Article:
--Transparency 360. We need a transparency reform that opens all government books. This way we can all see exactly how our tax dollars are being spent, keep track of wasteful spending and encourage government when it is doing things the way we like it. 
--Educational freedom. By giving parents the right and ability to choose what education their kids should get, we will substantially lower the cost of K-12 education throughout our state, without jeopardizing the quality of education. In fact, a school-choice model would encourage good teachers and visionary administrators in our current public system to start their own schools. Without the rigid regulations governing today's K-12 system, they would most certainly thrive professionally while helping taxpayers save money, parents feel empowered and kids still get a high-quality education. 
--Medicaid vouchers and market-based health care reforms. Congress has done the absolutely worst of Obamacare - maintained the stifling, exceptionally expensive regulatory behemoth but repealed the individual mandate - the costs of Medicaid will rise dramatically. So will the cost of uncompensated care at our hospitals. The funding fallback is always on taxpayers' shoulders. There has never been a better time for Wyoming to get out of the federally run Medicaid program, create a voucher system and allow Medicaid enrollees to buy certified health insurance plan across state lines. If, in addition, we roll back the crawling socialization of our health care system here in Wyoming (something that would have to come with a general deregulation of the system), we can drastically lower the cost of delivering health care to everyone here in our great state.
--Toll the I-80. Some 80 percent of the traffic on I-80 is not intra-Wyoming, which means that our tax dollars go toward paying for a service that out-of-staters enjoy. If we had a minimal-state government that only provided protection of life, liberty and property, and infrastructure, a toll-free I-80 would not be a problem. However, today's state government is trying to do everything from educating our workforce (in duplicate or triplicate systems) and filling the skies with commercial jets, to advertising in European media. With such a sprawling, and therefore very costly, state government, we cannot afford to give more freebies away. If we toll the I-80 and create a public-private partnership for its continuous operation and maintenance, we can get it out of the state government budget while improving its quality (the best highways in this country are toll roads).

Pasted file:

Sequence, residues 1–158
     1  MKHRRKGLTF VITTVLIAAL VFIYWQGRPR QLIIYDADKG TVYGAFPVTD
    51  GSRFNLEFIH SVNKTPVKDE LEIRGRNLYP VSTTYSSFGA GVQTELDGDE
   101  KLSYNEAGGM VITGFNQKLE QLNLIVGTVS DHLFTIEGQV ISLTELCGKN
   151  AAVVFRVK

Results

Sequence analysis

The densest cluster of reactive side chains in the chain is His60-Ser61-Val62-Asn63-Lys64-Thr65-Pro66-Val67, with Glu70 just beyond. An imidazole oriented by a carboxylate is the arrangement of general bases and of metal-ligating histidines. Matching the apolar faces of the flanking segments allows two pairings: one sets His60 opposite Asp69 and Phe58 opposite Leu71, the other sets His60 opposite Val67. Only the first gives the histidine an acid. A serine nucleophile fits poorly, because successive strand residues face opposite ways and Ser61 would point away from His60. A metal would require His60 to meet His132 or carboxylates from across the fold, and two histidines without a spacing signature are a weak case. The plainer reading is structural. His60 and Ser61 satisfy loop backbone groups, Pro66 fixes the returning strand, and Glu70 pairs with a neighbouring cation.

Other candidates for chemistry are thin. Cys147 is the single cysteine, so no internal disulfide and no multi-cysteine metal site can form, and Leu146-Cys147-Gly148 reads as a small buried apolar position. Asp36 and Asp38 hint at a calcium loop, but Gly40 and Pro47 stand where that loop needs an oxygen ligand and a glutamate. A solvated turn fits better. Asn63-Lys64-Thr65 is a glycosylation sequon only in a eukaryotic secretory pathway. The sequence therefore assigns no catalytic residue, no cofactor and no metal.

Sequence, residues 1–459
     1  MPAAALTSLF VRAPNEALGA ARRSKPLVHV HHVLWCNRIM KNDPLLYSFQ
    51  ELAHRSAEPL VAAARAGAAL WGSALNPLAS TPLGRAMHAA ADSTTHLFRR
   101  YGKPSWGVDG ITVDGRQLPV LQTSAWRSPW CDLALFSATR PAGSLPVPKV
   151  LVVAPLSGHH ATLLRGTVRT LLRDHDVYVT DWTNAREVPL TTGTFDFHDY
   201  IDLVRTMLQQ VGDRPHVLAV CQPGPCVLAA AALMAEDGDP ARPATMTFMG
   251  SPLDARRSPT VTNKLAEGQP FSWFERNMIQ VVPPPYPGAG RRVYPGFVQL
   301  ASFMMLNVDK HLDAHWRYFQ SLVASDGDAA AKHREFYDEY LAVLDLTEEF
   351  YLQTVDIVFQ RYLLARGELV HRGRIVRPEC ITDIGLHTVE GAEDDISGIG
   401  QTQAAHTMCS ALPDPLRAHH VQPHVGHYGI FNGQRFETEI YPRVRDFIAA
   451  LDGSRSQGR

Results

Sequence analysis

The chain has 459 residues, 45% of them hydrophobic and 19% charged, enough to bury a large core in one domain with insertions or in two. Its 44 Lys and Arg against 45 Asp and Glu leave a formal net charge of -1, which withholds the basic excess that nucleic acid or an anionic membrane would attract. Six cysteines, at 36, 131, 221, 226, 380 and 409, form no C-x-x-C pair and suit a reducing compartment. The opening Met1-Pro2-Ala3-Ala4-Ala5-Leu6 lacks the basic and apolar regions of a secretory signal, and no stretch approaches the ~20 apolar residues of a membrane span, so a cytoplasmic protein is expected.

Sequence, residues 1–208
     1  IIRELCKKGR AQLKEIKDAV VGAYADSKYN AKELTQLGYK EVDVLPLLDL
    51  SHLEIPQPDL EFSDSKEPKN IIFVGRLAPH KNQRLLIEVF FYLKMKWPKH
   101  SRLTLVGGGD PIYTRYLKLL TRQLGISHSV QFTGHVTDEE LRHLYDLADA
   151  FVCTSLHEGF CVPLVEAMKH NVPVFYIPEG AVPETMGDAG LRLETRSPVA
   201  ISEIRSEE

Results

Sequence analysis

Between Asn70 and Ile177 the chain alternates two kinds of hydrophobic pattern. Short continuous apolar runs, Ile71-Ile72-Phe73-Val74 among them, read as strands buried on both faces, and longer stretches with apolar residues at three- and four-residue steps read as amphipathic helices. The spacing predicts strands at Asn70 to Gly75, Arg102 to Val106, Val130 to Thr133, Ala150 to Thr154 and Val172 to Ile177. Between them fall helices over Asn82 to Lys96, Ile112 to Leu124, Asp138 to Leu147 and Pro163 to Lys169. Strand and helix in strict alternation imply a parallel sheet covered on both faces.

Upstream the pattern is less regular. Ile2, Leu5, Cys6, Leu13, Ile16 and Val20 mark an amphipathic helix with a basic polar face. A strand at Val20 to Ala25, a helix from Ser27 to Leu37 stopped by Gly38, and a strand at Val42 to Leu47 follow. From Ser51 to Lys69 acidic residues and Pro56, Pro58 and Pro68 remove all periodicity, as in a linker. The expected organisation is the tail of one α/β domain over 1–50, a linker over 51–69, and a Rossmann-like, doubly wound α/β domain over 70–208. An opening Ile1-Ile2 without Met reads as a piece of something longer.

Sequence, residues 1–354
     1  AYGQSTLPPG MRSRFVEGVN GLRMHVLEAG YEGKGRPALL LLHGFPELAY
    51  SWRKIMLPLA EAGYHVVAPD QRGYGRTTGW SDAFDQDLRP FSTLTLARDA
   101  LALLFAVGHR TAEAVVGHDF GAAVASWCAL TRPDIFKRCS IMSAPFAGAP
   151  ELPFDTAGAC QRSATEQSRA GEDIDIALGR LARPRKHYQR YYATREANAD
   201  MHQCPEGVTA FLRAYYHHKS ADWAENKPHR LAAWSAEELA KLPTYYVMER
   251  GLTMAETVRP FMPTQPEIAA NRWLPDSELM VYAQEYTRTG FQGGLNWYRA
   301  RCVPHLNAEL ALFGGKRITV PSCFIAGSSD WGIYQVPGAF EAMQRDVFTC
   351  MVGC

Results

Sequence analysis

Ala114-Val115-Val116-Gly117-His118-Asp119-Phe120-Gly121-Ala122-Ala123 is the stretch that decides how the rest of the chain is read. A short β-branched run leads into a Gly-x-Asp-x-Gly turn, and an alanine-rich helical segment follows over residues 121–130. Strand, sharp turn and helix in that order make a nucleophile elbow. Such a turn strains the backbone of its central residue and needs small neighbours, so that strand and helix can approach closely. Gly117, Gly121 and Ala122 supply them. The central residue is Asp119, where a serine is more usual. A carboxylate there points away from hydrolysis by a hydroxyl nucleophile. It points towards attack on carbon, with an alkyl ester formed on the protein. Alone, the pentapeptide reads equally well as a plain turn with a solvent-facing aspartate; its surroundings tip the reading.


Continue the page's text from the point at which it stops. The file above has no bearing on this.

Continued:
This is a package of core reforms we need to do in order to put our state back on track to prosperity. It is a long list, and a bold one that will be both liked and disliked, but in politics, while popularity may win elections, it does not create prosperity. 

The first step is going to be the legislative session. It will be a tough one, probably the toughest in recent memory. But that is no reason to be discouraged. On the contrary, it is time for us fiscal conservatives to prove who has the most endurance and resilience, we or the welfare statists.

Let us support our fellow fiscal conservatives in the legislature. Let us help them stop Taxmageddon. Then, next year, let us flood our elected offices with fiscal conservatives. When that is done, let us roll up our sleeves and build a new, stronger and more prosperous Wyoming. 

No comments:

Post a Comment